Patents and Allied Rights: A Global Kaleidoscope
Dan L. Burk, Patents and Allied Rights: A Global Kaleidoscope Oxford Handbook of Intellectual Property Law (2017).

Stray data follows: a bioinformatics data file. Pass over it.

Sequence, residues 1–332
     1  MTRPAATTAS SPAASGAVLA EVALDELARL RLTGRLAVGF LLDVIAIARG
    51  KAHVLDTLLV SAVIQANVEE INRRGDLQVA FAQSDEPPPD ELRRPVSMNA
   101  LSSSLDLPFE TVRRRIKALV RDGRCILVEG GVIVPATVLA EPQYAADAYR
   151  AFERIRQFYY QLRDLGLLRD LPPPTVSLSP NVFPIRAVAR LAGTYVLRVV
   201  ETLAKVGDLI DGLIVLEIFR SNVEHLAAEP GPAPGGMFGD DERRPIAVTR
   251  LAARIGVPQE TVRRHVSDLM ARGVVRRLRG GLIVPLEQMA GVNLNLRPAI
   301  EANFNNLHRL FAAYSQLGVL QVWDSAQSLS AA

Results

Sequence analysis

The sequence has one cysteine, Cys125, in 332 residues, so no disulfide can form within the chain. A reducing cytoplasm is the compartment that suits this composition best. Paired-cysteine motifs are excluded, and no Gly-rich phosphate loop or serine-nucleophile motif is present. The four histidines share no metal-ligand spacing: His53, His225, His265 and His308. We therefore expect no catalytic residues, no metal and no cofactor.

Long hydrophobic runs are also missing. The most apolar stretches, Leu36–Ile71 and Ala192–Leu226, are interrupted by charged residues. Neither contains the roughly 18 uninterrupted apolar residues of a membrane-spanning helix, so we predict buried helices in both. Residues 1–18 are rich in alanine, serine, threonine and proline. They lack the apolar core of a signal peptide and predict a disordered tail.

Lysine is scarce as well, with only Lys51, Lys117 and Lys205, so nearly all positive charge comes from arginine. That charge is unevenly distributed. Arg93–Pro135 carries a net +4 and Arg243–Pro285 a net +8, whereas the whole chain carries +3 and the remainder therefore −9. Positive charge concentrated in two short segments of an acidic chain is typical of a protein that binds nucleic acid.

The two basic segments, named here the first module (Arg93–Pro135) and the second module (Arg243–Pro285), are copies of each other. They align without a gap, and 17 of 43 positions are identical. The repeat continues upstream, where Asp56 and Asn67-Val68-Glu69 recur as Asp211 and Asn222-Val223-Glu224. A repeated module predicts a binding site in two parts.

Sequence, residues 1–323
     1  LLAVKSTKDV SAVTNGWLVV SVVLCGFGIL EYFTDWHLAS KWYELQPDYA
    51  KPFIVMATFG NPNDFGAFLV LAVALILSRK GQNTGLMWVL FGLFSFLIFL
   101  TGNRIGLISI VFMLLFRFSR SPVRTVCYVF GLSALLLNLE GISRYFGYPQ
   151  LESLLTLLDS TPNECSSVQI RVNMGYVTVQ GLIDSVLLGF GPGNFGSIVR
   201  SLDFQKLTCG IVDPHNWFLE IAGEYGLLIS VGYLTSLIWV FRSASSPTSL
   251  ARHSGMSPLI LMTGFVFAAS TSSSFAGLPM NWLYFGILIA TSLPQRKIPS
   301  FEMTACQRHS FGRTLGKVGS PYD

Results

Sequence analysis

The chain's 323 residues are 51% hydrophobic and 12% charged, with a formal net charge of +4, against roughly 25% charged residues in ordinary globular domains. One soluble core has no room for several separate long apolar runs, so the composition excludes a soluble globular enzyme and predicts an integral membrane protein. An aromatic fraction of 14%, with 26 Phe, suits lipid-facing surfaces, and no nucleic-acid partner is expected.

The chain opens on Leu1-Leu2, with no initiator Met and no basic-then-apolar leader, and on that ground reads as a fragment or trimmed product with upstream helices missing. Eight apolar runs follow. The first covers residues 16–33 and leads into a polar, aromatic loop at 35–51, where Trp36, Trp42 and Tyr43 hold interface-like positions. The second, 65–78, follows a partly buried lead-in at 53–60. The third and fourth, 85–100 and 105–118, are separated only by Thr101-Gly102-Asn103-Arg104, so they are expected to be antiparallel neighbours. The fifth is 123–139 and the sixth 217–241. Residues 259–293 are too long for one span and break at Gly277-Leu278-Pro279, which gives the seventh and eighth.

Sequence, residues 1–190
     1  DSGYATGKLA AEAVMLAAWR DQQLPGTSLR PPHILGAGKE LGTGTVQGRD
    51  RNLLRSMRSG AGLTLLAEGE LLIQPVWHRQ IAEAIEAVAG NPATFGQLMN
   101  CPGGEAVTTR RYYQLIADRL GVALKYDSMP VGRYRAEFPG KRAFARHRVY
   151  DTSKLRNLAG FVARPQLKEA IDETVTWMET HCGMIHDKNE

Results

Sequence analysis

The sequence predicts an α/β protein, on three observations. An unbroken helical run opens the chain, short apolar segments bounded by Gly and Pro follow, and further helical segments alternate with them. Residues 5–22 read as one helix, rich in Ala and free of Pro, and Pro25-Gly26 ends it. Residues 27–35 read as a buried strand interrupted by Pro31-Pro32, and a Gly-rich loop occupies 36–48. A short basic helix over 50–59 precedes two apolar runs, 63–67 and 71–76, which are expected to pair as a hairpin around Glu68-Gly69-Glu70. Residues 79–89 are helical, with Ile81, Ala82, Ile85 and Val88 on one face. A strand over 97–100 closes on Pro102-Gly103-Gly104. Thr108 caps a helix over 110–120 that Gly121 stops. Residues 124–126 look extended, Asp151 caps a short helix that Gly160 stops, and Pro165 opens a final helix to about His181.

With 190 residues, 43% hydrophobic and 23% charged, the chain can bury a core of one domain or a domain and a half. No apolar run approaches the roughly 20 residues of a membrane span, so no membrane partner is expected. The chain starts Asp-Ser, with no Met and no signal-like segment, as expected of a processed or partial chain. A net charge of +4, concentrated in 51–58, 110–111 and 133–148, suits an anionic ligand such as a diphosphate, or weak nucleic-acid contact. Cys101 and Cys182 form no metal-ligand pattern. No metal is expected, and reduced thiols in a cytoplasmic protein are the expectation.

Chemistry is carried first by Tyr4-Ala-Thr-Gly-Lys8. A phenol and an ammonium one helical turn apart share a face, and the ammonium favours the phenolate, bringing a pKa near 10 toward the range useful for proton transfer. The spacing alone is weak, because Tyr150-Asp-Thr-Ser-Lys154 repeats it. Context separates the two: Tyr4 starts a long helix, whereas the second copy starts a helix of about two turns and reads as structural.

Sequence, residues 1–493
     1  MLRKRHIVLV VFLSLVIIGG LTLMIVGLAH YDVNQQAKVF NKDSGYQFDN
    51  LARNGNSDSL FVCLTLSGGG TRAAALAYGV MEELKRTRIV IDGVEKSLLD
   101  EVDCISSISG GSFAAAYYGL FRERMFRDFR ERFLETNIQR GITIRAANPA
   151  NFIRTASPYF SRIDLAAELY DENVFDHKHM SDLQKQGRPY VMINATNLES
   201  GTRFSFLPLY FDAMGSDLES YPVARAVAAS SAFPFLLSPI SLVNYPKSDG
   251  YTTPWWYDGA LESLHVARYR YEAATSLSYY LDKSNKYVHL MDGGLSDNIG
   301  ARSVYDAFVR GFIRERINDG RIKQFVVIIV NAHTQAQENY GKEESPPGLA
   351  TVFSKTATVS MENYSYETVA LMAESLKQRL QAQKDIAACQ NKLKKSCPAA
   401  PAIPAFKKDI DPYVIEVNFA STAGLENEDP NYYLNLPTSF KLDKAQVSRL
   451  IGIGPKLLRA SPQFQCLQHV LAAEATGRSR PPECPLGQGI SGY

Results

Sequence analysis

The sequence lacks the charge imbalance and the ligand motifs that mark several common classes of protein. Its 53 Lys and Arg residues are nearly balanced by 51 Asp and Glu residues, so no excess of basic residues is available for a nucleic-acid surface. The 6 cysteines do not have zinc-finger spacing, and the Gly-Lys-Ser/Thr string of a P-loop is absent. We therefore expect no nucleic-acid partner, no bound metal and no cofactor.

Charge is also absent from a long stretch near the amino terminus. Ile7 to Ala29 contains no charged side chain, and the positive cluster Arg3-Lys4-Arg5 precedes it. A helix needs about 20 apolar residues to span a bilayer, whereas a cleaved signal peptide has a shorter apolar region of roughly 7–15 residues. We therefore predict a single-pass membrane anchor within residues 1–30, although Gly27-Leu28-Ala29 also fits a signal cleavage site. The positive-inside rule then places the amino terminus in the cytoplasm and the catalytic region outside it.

Patents, along with the related systems of utility models and plant breeders’ rights, are the forms of intellectual property most closely associated with technological innovation. Currently some form of patent system is found in essentially all modern states, and patents have grown to be a ubiquitous feature of the global legal and technical environment. Patents and related rights are therefore highly dynamic areas of law, displaying constant evolution of doctrine simultaneously in multiple jurisdictions. The shifting diversity of national approaches offers an opportunity to consider how characteristic themes and problems of patent law have been approached from different perspectives, and lend a sense of better, worse, and alternative solutions to the problem of prompting technical innovation. Consequently, this chapter surveys particular doctrinal problems in patent law, using them to illustrate both broad theoretical issues endemic to the patent system, and tying those issues to ongoing controversies that have attracted widespread interest.
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